Friday, December 23, 2011

A Memorable New Year's Eve Escapade

California Central Valley Tule Fog

The New Year's Eve of 1970 was one of the most memorable events in my life in the United States. It was a peculiarly distinct night that I endangered us, me and my wife Macrine, by driving into the unknown, for a chance to celebrate a late dinner out. It was also the night we got to meet and know friendly strangers, who invited us to celebrate the New Year's Eve in their lovely home.

Before arriving in California, we were living a blessed life with four young children in Kansas City, Missouri. I loved and enjoyed working as a chemist for Chemagro Corporation. I could have stayed and worked longer for the company, but fate had other plans for my career. We had several friends, and we were established and comfortable in the ways and life in the Midwest. Our children were attending elementary school, while my wife was a full time housewife.

In September of 1969, I found a new job with Shell Development Company in central California. It was an attractive job offer which was difficult to turn down. They presented a substantially bigger salary suitable for my growing family. It was also a chance to move to the warmer California climate, and leave behind the harsh Midwest winters. After consulting with my wife and discussing the merits of the possible move, I immediately accepted the offer without any doubt and reluctance. Leaving a place we have learned to love and appreciate was sad, but we had to move on.

Our family relocated to Modesto, California, and we were excited about living in a new community, meeting new friends and getting to know new neighbors. The move was easy and relaxed. The relocation expenses, including the packing and unpacking by the movers, were paid for by my new employer. We simply moved in and got accustomed to our new surroundings.

The city of Modesto is located right in the heart of the central valley of California. It is the land of fruits and nuts, and also the agricultural region of the state. I love the outdoors, and living in Modesto gave us a chance to visit the nearby magnificent Sierra Nevada, and its various easily accessible natural attractions and parks.

The central valley is also known for its sinister side, its tule fog during winter, which covers much of the central valley in poor visibility mist. The locals called it the "soup". The tule fog (/ˈtuːliː/) is a thick ground fog that forms and settles in the San Joaquin and Sacramento valleys of California's great central valley. This spectacle is named after the tule grass wetlands or tulares, as they are called, found in the central valley. Vehicular accidents caused by the thick and zero visibility tule fog, are the leading cause of weather-related casualties in central California.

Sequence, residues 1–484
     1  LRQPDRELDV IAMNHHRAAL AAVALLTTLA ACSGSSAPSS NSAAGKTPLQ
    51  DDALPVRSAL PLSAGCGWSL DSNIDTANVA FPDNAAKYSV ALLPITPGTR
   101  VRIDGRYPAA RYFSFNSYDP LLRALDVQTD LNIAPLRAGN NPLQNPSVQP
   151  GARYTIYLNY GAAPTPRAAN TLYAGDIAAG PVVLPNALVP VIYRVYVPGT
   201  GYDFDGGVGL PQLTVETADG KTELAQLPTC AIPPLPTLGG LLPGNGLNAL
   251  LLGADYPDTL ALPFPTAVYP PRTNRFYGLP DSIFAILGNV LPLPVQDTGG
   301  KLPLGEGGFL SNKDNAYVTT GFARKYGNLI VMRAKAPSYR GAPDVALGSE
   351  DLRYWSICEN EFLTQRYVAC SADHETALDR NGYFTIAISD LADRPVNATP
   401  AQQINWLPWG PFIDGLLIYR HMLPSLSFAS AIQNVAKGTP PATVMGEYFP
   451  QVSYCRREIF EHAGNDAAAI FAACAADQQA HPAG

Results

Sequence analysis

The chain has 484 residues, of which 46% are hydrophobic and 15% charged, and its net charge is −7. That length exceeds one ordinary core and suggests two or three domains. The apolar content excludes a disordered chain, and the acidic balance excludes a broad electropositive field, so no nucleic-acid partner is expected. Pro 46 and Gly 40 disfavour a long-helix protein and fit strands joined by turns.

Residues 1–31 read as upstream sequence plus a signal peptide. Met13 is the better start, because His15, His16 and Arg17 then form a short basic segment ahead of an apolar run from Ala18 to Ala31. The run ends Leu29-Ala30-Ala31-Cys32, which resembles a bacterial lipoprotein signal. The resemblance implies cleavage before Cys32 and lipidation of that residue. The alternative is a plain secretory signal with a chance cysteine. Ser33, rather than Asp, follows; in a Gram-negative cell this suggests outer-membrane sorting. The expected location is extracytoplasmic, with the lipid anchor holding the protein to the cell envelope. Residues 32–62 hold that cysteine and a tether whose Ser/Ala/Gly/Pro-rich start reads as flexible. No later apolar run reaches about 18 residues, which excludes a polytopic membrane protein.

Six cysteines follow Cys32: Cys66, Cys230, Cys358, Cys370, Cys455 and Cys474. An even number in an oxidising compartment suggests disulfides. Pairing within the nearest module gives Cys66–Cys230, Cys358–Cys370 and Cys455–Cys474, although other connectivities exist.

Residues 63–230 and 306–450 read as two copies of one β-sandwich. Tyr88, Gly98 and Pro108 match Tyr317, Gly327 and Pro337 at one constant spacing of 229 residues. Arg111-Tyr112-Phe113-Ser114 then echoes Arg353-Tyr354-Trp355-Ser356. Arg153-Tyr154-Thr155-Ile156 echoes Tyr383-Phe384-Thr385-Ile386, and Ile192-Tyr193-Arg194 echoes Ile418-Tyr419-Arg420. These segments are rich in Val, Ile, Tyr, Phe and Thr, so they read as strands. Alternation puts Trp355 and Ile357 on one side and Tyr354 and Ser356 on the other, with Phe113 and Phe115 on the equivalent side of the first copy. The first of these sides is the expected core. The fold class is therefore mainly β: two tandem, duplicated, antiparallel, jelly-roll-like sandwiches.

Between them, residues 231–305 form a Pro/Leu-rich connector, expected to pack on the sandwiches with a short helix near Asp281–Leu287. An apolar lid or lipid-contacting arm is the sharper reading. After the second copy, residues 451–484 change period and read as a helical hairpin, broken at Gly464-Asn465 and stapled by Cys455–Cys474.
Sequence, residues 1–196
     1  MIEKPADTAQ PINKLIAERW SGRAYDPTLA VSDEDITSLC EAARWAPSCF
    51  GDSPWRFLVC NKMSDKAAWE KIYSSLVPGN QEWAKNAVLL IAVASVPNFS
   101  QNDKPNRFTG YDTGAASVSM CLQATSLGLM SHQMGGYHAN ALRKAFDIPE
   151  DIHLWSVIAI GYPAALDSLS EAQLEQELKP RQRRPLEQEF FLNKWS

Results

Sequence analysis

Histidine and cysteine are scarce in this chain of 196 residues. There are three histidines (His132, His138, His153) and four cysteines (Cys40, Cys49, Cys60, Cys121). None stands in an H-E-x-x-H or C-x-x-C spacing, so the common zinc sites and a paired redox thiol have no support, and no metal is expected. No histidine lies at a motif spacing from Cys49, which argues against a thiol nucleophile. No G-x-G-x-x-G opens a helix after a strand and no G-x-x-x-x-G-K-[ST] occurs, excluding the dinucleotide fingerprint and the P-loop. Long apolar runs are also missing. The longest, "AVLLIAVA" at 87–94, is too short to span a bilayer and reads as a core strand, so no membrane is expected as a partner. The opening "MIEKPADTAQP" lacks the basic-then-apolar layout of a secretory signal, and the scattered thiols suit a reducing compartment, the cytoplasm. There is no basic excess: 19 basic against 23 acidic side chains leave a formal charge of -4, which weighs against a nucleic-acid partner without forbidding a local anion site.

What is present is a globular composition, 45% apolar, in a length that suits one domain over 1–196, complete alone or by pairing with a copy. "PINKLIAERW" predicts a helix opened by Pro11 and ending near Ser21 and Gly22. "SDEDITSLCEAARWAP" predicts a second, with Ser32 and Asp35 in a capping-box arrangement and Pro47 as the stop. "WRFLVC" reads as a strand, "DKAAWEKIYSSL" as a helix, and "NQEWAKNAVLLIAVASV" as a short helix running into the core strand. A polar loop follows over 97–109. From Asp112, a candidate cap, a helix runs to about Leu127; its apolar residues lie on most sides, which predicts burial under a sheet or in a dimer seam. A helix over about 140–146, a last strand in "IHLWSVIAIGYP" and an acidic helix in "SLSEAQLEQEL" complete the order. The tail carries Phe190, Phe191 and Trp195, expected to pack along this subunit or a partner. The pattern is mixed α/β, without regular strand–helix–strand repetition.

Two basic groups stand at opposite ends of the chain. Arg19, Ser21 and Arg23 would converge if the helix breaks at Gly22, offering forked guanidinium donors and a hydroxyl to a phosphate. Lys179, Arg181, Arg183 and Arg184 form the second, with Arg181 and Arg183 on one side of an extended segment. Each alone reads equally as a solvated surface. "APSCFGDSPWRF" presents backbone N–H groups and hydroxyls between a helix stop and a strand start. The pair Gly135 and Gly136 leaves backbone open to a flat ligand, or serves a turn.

As a newcomer to central California, I had no idea about the soup and the gravity of danger it poses for motorists. Moreover, I was unaware how frightening an experience it could be to drive through the fog. I would never recommend anyone to go through such a worrisome ordeal.

During the last four months of 1969, we were occupied settling down and adjusting to our new home and community. We found a new school for our children, church, grocery, shops and parks. My life was thinly spread between my new job and home. We had no time to join any local group, and had no friends except for our neighbors. The demands of my job and family life made me a very busy man, and I had no time to make new friends except with my co-workers.

Before the New Year's Eve, my wife and I wanted to find social interaction in our community, but we had no friends or family to visit nearby. We decided to go out for a late dinner in one of Stockton's nicer restaurants, to celebrate the arrival of the New Year. It is about twenty miles north of Modesto. We left the children at home, while the teenage daughter of our neighbor watched over them.

We were excited to get out of the house and party for this New Year's Eve, like a young couple eager to go out on a date and explore the night life in town. As we left the house on that chilly and foggy night, we were about to embark on an adventure we never imagined. I remember the smile on my wife's face to get out of the house and enjoy the night together. We discussed the food and wine to order, and probably having dancing and celebration for the arrival of the New Year.

We reached the restaurant at about 9:30 pm, and the place was filled to capacity. We didn't realize that many couples had the same wonderful idea for the last night of the year. We had to wait in the bar before they could offer us a table. At the bar was another couple who was also waiting to be seated. They were a little bit older than us. The lady was of Asian ancestry and the man was Caucasian.

The couple appeared friendly, so me being the extroverted, outgoing and friendly individual, I started the introductions. I made small talk which initiated an animated conversation to pass away the time. We felt relaxed talking with the couple, and when we were called to be seated, we decided to get a table for the four of us together, instead of two separate ones.